Now let’s just take a moment to establish something that is crucial here - being easy and being possible are two very different things. I’m not saying that earning a living and supporting yourself as a freelancer is EASY, I’m saying it’s POSSIBLE. Because it takes a lot of hard work, a willingness to do the not so fun jobs as well as the exciting ones, self-discipline to put in the hours and manage your own schedule, and a determination to keep going when something doesn’t work out. Because for every idea that works there will be one that doesn’t, and there will be many downs as well as ups. But the evidence suggests that it is possible, so making the decision to freelance does not automatically mean you take a vow of poverty.
And the beauty of freelancing means that you’re not just restricted to doing one thing - you always have the option to diversify, to be creative and use all of your skill set. Which, in uncertain times such as the current coronavirus world pandemic we are going through, is crucial. If part of your freelance portfolio is not music related, because you have another skill that you can develop as an income stream, this does not in any way mean you are not a credible musician, it means you are a smart entrepreneur.
Misconception number 2: Life on the road is exciting, glamorous and insta-worthy.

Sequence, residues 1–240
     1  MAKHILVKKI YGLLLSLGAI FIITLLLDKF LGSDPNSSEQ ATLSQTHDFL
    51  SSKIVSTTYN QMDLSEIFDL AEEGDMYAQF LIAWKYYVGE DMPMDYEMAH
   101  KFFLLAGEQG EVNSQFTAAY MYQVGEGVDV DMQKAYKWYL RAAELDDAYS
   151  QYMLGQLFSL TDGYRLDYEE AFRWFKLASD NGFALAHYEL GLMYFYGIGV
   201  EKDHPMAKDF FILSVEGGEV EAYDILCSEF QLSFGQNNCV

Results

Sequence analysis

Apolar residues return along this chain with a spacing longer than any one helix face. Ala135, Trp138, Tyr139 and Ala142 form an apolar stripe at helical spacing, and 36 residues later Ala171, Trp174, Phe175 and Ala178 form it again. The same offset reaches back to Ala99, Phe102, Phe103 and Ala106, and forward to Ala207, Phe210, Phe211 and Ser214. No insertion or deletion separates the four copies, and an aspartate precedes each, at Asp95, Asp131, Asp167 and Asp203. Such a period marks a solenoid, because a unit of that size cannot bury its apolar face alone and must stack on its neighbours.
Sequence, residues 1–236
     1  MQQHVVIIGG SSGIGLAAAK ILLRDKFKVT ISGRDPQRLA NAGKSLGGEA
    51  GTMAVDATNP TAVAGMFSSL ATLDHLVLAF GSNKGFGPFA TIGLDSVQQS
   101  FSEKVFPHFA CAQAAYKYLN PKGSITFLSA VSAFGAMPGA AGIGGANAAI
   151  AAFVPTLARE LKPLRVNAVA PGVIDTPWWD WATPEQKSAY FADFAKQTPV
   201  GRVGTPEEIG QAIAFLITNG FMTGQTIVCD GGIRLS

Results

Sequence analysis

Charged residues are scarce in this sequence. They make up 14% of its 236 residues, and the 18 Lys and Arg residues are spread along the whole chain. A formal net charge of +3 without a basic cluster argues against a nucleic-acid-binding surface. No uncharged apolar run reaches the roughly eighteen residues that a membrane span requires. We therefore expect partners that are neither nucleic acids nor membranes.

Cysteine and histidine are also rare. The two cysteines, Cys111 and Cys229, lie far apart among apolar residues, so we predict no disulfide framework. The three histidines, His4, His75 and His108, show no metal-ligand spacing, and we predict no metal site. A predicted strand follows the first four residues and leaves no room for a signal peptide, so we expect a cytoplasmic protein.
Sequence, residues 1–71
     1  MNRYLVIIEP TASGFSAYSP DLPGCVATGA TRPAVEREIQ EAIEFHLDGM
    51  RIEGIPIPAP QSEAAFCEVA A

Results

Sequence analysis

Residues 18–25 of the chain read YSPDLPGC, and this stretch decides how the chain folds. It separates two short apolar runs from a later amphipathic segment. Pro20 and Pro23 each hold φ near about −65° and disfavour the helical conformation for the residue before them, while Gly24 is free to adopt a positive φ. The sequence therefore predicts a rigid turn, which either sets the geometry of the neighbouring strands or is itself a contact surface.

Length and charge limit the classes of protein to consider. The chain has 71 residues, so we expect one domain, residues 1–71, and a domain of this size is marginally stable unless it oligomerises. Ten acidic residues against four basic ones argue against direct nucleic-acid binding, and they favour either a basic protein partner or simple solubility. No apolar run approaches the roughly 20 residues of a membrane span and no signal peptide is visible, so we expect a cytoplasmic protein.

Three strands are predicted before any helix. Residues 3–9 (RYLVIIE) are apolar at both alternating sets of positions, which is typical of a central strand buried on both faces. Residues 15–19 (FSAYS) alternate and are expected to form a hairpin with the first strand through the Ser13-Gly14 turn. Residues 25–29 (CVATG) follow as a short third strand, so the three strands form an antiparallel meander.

While some people have the battered minibus, greasy takeaways image as their definition of freelancing, those of us who are dreamers might picture a jet setting lifestyle, visiting glamorous cities, exotic destinations and luxury hotels. Let me be honest with you, since 2012 I have done a lot of travelling as a musician, through performing with my flute and piano duo and working as a music examiner, both abroad and all over the UK. The first performing contract we had as a duo saw us flying out to Tahiti and joining a luxury cruise ship for 10 days. We visited Bora Bora, and then sailed across the International Date Line to New Zealand where we stopped off at several beautiful locations before flying home from Auckland. In many ways this was the trip of a lifetime, BUT I spent the first five days feeling really ill from the jet lag and adjusting to being on a moving ship. And two back to back 13 hour flights is not fun! There was the time we had to do a 36 hour journey home from Punta Arenas at the very bottom of Chile, and I had a massive panic attack before boarding our second flight due to just being completely exhausted. Or more locally, when I spent a couple of weeks working near Belfast in the middle of winter, staying in a really grubby B&B having gone through a break up just a week before, and all I wanted to do was go home! My husband and I regularly have to spend chunks of time away from each other, and this isn’t easy. Neither is having to miss big family occasions of friends’ weddings.